Comparison of health technology assessments and time to reimbursement for Orphan Drugs
Posted: 1 July 2020 | Charlotte Poon (Charles River Associates), Ioanna Stefani (Charles River Associates), Nimisha Raj (Charles River Associates), Steven Kelly (Charles River Associates) | No comments yet
This article delves into four health technology assessment agencies, analysing the opportunities and challenges for orphan drugs in France, Germany, England and Scotland.
To encourage manufacturers to invest in the development of Orphan Drugs (ODs), various incentives have been introduced including research and development grants, tax incentives, accelerated regulatory processes and 10-year market exclusivity. However, ODs still need to overcome a series of challenges posed by health technology assessment (HTA) bodies, which are unique in each European market. ODs can often launch with highly uncertain evidence packages which may include immature Phase II single arm trial data with a small patient number.
The aim of this study was to review and compare the reimbursement recommendations for ODs issued by four of the most well-established European HTA bodies (France, Germany, England and Scotland) and assess the potential effect of HTA outcomes in relation to time to reimbursement (T2R). Specific objectives were to:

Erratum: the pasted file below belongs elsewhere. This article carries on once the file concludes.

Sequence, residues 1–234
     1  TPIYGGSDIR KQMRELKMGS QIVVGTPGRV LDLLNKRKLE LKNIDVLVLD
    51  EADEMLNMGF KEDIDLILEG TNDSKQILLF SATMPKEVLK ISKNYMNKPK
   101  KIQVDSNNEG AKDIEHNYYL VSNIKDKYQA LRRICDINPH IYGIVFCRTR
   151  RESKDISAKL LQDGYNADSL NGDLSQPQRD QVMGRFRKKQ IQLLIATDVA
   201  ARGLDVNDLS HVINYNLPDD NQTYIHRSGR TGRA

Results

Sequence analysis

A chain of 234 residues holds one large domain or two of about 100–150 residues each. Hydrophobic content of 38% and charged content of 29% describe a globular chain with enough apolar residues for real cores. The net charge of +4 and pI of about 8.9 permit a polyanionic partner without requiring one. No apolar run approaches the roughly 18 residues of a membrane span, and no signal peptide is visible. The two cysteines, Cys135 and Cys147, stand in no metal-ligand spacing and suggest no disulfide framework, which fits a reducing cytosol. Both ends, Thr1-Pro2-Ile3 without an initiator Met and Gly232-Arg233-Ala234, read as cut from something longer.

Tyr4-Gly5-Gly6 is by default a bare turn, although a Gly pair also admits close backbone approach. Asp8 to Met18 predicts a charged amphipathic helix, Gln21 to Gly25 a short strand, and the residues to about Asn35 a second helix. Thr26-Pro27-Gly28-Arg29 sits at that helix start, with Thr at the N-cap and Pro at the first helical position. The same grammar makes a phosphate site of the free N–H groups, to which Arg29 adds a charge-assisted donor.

- Analyse discrepancies in the evidence requirements and recommendations from the HTA outcomes of ODs across markets
- Compare T2R and identify which factors contribute to a longer T2R.
The study reviewed all 80 products that received a positive European Medicines Agency (EMA) authorisation from 2013 to 2019 and an OD designation (ODD) at launch. The HTA outcomes and T2R were identified for all products across the four markets. The T2R was calculated from the EMA approval to the date of the negotiated price (France and Germany) or to the date of the UK National Institute for Health and Care Excellence (NICE) and Scottish Medicine Consortium (SMC) appraisal (England and Scotland). A comparative analysis was conducted on the 71 approved products that were awarded a price in at least one of the four markets.
Results and discussion
This study identified that the rate of recommendation by respective HTA bodies was highest in Germany, where 98 percent of the total number of drugs reviewed by the Gemeinsamer Bundesausschuss (G-BA) were approved, compared to 92 percent reviewed by the transparency committee (TC) in France, 91 percent in England and 67 percent in Scotland following NICE and SMC appraisal respectively. Despite the highest approval rate, most products in Germany (73 percent) were awarded with a non-quantifiable benefit, skewed by the automatic additional clinical benefit rating for ODs.1 Conversely, only 19 percent of the ODs in France were awarded an Amelioration du Service Médical Rendu (ASMR) V, no improvement of medical benefit (Figure 1). The data also suggest that NICE and SMC have a greater tendency to include restrictions beyond the label (37 percent and 24 percent, respectively) in order to achieve a positive recommendation.